Cerreta recently sold a home he owned in the Sarasota area. During the open house, more than 170 people viewed the residence and 21 people made an offer. Three of the offers came from people in California, something that surprised the longtime real estate agent, as Californians have historically not been a large market for the west coast of Florida.

Any loss of demand from Russian buyers for luxury properties or other property types won’t be felt in the Sarasota market, he said.

In February, 72% of all real estate sales in the Sarasota market closed at or above the list price compared to 43% at or above list price in February 2021, Cerreta said. “There’s not enough inventory to meet demand,” he said of the Sarasota market.

Sergei Sokolov, a Realtor with Sarasota’s Michael Saunders & Co., was born in Ukraine but moved to the United States when he was 5 years old. The now-47-year-old real estate professional, fluent in Russian and Ukrainian, said Russian speakers often want a Realtor who speaks their language.

The first house he sold in Sarasota in 2004 was to a Russian speaker, and he does about three or four transactions a year. Sokolov specializes in entry level homes typically in the $350,000 to $400,000 price range, with the majority of his Russian-speaking buyers already living in the U.S. or Canada and unlikely to be impacted by the Russian-Ukrainian war.

“I don’t expect there to be much of an impact on my business,” he said. “There’s just a lot more demand than there is supply.”

Varied buyers

The next closest U.S. state for Russian buyers was Georgia with 16% of all Russian purchases of U.S. real estate, roughly 13 percentage points behind Florida. New York (13%), California (8%) and Illinois (5%) rounded out the top five states for total transactions from Russian buyers.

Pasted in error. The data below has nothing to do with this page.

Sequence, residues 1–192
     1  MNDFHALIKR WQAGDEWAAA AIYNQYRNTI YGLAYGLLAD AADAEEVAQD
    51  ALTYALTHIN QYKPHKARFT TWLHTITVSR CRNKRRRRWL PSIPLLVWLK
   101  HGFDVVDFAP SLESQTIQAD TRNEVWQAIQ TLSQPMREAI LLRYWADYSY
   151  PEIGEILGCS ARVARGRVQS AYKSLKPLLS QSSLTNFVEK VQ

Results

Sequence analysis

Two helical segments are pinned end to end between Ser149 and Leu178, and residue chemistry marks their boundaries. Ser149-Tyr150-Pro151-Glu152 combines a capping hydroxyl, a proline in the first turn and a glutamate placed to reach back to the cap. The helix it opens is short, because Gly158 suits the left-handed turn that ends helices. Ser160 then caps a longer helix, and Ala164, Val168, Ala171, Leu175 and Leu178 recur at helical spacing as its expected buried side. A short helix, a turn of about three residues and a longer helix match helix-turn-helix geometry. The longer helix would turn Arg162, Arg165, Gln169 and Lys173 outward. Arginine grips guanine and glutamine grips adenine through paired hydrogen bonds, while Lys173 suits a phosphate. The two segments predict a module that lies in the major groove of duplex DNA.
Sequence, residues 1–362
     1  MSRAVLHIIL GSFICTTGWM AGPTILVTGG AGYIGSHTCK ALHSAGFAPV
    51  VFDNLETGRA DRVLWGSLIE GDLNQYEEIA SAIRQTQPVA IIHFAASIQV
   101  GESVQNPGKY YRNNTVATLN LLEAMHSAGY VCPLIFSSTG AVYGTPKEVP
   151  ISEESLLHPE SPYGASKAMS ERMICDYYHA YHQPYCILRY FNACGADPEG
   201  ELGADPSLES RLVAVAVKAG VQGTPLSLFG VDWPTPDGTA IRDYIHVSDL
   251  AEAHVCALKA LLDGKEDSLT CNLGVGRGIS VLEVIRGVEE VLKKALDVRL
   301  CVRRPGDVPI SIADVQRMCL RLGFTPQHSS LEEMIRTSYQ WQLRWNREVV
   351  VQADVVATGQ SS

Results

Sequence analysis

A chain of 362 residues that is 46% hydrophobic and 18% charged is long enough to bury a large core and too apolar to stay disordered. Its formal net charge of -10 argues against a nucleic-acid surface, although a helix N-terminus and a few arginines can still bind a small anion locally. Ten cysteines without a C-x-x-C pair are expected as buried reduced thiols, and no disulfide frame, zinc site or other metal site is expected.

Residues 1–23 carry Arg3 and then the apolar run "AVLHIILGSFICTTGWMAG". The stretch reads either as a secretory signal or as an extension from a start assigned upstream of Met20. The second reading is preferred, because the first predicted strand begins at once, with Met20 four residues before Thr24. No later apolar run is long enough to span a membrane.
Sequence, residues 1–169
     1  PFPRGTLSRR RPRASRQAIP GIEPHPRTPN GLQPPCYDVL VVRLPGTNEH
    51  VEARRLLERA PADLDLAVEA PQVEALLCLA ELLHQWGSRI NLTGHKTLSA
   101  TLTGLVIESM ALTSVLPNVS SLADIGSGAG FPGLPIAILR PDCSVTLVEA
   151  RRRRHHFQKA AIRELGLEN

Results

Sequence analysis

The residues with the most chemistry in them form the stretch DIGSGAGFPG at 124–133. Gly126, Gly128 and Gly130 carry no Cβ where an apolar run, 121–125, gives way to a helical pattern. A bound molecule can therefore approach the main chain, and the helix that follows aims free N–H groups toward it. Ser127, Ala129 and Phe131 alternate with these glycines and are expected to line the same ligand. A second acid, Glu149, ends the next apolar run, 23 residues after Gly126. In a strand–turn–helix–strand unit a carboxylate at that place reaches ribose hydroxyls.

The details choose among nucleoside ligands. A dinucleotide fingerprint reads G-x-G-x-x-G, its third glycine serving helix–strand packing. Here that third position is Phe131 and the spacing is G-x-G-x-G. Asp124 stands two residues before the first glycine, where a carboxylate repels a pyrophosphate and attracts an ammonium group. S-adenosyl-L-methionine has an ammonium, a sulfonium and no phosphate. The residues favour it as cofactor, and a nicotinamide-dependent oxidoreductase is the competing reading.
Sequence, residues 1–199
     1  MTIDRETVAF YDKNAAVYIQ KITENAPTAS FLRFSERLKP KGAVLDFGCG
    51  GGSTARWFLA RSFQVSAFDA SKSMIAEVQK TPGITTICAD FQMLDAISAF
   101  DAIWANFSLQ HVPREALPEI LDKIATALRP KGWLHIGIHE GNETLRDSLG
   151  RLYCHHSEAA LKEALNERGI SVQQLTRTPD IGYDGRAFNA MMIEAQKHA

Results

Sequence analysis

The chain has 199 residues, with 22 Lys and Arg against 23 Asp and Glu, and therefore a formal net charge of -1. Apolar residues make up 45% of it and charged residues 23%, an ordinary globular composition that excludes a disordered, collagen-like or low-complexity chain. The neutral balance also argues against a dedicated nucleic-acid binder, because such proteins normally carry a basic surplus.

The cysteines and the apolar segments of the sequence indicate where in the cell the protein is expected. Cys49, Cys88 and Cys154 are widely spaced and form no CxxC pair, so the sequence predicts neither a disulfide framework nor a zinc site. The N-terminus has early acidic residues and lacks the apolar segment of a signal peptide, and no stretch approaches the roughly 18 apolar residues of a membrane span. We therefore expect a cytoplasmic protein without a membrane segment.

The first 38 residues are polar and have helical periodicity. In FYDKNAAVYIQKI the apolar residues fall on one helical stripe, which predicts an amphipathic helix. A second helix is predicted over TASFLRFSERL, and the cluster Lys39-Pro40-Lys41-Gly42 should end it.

The NAR report said that even in Florida, purchases of real estate made by Russians accounted for just 0.2% of the Sunshine State’s real estate transactions from July 2020 to June 2021. Those numbers may be skewed as the pandemic caused many governments to restrict travel to other countries.

A 2020 profile on international residential transactions in Florida conducted by the NAR with Florida Realtors, the largest trade organization in the state, concluded that foreign buyers accounted for $15.6 billion in real estate transactions from August 2019 to July 2020 – about 11% of the state’s sales. The total transaction volume for Florida real estate in that time period was $137 billion dollars.

However in that report that largely accounted for sales just prior to the pandemic, Russia did not rank among the top 15 counties for any Florida metro besides Miami. The Miami metro market, the largest in Florida, had just 2% of home sales go to Russian buyers.

The largest group of foreign buyers by transaction volume came from Latin America and the Caribbean with about 37% of the total value of homes purchased by international citizens.

Canadian buyers had the most transactions at 21% followed by Brazil (7%), Argentina (6%), Venezuela (5%), Columbia (5%) and the United Kingdom (5%).

The metro area of Miami-Fort Lauderdale-West Palm Beach had the lion’s share of foreign buyers with 47.3% of all purchases. The Tampa-St. Petersburg-Clearwater metro accounted for 11%; Orlando-Kissimmee-Sanford had 9.7%, North Port-Sarasota-Bradenton had 6.9% and Cape Coral-Fort Myers came in at 4.7%.

Larger economic issues

While Russians account for a tiny fraction of all real estate purchases in Florida, the real impact of the conflict may be felt at the gas pump as international buyers cut ties with Russian energy. President Joe Biden announced a ban on Russian oil earlier this week.

Chris Jones, president of Florida Economic Advisors and a University of South Florida faculty member at USF in the economics department, agreed with the real estate experts that the reduction in demand from Russian buyers for U.S. real estate won’t shift home prices in Florida.

However, the impact of rising gas prices could be dangerous for the U.S. economy, he said.

He anticipates that gas prices will increase at least another 50 cents before the end of May, with peak price per gallon of gasoline surpassing $5 per gallon this year. As people pay more at the pump, they have less money to spend on goods and services that drive the economy, which he believes will lead to a decrease in the nation’s economic output.

He said he fears that the American economy could be headed toward “stagflation” because of the rising gas prices. Stagflation happens when an economy has rising inflation at the same time as slowing economic output.

“We’re already halfway there,” he said, pointing to rising inflation.

Rising gas prices will also have an impact by raising prices on nearly all goods and services which could then cause fewer people to be able to afford to purchase residential property.

Less demand, caused largely by rising gas prices, would then impact Florida’s real estate market.